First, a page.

Leather is one of nature’s most luxurious yet practical materials. One of the first things people do after looking at a leather bag is touch it. The way leather feels to the touch is called the “hand-feel” or simply “the hand”. As a general rule, the softer the hand, the better the leather quality. There are many influencing factors that effect the quality of leather. Every hide has textural variations related to the animal’s genetic makeup, environment and food supply. The resulting markings and wrinkles on a given hide, should be considered part of the hides natural beauty and uniqueness.
There are numerous types of leathers and leather treatment processes for tanning and finishing leather. The leather used for making handbags, is a by-product of farming and food production. In the production of leather, each tannery has its own techniques and recipes for creating texture and color variations. After the hides are tanned, dyed and finished as desired, skilled craftsmen carefully select hides that match in color and texture. Each hide is cut by hand from patterns that represent various parts of the bag. These pieces are then sewn into a final product. Professional Leather cleaning is recommended when needed for leather bags. Never use traditional dry cleaning methods to clean leather products as cleaning leather differs from fabric cleaning in several ways. Unlike fabric, leather has natural oils that protect and preserve the appearance and life of a bag. Removing these oils reduces the hide’s suppleness. The chemicals used to clean leather frequently remove the natural oils as well as the undesired dirt. These oils must be restored by a professional leather cleaner.
The better the quality of a hide of skin, the less it has to be treated. In a premium quality hide or skin, the full natural grain is retained and exposed. One should see the “fat wrinkles,” the natural markings, and the feel or hand should be supple and natural to the touch. Transforming hides and skins into leather is done in three basic phases: pre-tanning, tanning, and finishing. Whatever is done to a piece of leather after it is tanned is part of the finishing process. This may include: dyeing, rolling, pressing, spraying, plasticizing, lacquering, antiquing, waxing, buffing, snuffing, embossing, glazing, waterproofing, stain-proofing, flame-proofing, or any other post-tanning treatment. Full-grain leathers are color-treated only by transparent aniline vegetable dyes, which shade or color the skins without concealing or obscuring natural markings or grain character. Some lower quality leathers, have been treated with a coating of pigmentation to help even out the color. Genuine, natural, un-pigmented and un-plasticized leather will breathe, thus maintaining their original structure. If the surface of the leather has been plasticized, as is the case for most lover quality leathers, the leather cannot breathe and may become stiff and woody. Following, is a short overview of the best kinds of leather.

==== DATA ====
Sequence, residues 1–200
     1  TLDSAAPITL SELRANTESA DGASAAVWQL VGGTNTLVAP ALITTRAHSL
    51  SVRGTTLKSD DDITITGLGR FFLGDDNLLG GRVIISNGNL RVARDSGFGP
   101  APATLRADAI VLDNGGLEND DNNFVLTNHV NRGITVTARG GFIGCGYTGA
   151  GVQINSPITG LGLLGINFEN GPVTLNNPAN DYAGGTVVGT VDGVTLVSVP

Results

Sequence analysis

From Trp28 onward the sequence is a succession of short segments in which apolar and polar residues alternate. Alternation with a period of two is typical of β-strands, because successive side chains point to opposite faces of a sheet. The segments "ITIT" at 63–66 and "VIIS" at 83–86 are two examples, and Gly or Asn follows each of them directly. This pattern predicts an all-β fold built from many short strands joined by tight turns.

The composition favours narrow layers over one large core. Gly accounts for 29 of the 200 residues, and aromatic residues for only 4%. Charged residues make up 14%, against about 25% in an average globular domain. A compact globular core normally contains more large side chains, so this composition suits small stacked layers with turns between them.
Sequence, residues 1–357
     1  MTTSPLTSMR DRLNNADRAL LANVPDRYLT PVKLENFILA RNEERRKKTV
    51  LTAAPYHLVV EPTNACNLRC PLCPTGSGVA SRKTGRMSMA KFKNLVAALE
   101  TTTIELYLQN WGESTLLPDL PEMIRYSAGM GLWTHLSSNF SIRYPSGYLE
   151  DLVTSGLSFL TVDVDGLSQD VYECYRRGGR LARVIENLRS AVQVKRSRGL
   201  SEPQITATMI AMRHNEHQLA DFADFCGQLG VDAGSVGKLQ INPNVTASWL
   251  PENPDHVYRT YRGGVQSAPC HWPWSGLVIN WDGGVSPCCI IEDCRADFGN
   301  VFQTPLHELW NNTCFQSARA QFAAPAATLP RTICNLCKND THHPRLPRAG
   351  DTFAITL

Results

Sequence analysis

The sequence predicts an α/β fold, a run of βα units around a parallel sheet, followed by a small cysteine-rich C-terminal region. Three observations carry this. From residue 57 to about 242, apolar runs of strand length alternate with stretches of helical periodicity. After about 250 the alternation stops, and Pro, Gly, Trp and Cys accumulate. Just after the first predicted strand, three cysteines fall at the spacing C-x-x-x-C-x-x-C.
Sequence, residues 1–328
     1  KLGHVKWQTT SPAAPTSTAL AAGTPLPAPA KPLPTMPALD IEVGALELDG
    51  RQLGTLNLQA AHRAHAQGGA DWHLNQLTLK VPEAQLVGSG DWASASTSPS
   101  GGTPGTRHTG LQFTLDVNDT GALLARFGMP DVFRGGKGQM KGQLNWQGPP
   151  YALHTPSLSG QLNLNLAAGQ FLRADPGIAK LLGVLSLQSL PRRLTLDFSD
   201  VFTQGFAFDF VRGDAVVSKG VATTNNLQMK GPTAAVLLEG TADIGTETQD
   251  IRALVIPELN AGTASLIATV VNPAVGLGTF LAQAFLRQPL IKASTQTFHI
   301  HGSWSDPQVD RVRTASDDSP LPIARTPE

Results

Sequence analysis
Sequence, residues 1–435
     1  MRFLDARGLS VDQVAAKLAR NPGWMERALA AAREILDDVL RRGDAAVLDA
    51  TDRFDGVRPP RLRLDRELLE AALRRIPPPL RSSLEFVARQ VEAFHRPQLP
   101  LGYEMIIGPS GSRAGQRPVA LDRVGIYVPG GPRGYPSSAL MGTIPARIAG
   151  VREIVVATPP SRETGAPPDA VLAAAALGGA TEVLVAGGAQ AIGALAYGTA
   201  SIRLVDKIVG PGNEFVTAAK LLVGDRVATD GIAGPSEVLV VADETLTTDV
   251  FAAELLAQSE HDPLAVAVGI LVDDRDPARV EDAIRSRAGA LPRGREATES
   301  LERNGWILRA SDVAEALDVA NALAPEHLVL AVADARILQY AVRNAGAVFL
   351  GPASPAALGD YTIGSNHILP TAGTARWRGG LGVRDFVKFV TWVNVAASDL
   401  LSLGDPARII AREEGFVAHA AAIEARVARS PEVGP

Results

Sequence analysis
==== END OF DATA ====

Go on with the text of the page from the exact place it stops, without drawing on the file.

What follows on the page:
Napa leather: Originally, only sheepskin was referred to as “napa.” However, in recent years, the word “napa” has become an adjective meaning “soft,” as in “napa cowhide;” this is really a misnomer. If it looks good and feels good, it is probably, but not always a better, more expensive grade of leather. A napa leather, or sheep/lambskin, is naturally one of the softest leathers and is closest in “hand” to a baby’s skin. The best leather is full grain leather. The reason it is best is because it is usually the strongest part of the leather. At the top of the skin, or epidermis level, fibers are tighter together and hence stronger. In order to be considered “full grain leather” the leather cannot have been buffed or sanded on the top. Therefore, at the surface the leather fibers are most closely inter linked, and hence strongest. When any of these fibers are buffed (sanded) in order to reduce the number of apparent blemishes, leather’s natural strength diminishes. Only the best (least damaged) skins can be used for making full grain leather. The more natural the dye and top coatings, the more transparent they are. These transparent dyes are usually aniline.
Only a small percentage of skins can be used to produce an aniline dyed full grain leather. Cowhide originating as a by-product from USA and Western European beef provides most of the top quality full grain cowhide. This is because cows in most other countries are not as protected by pesticides and enclosures. Brazil, for example, has large herds of cattle, but their hides are marked with thorns, horns, insects, etc. so that almost none of their hides are used to produce full grain leather. Top grain leather is full grain leather that has usually been buffed and has originated from the top of the skin. Both top grain and full grain leather are considered “top grain” because they originate from the top or outside layer of the skin.
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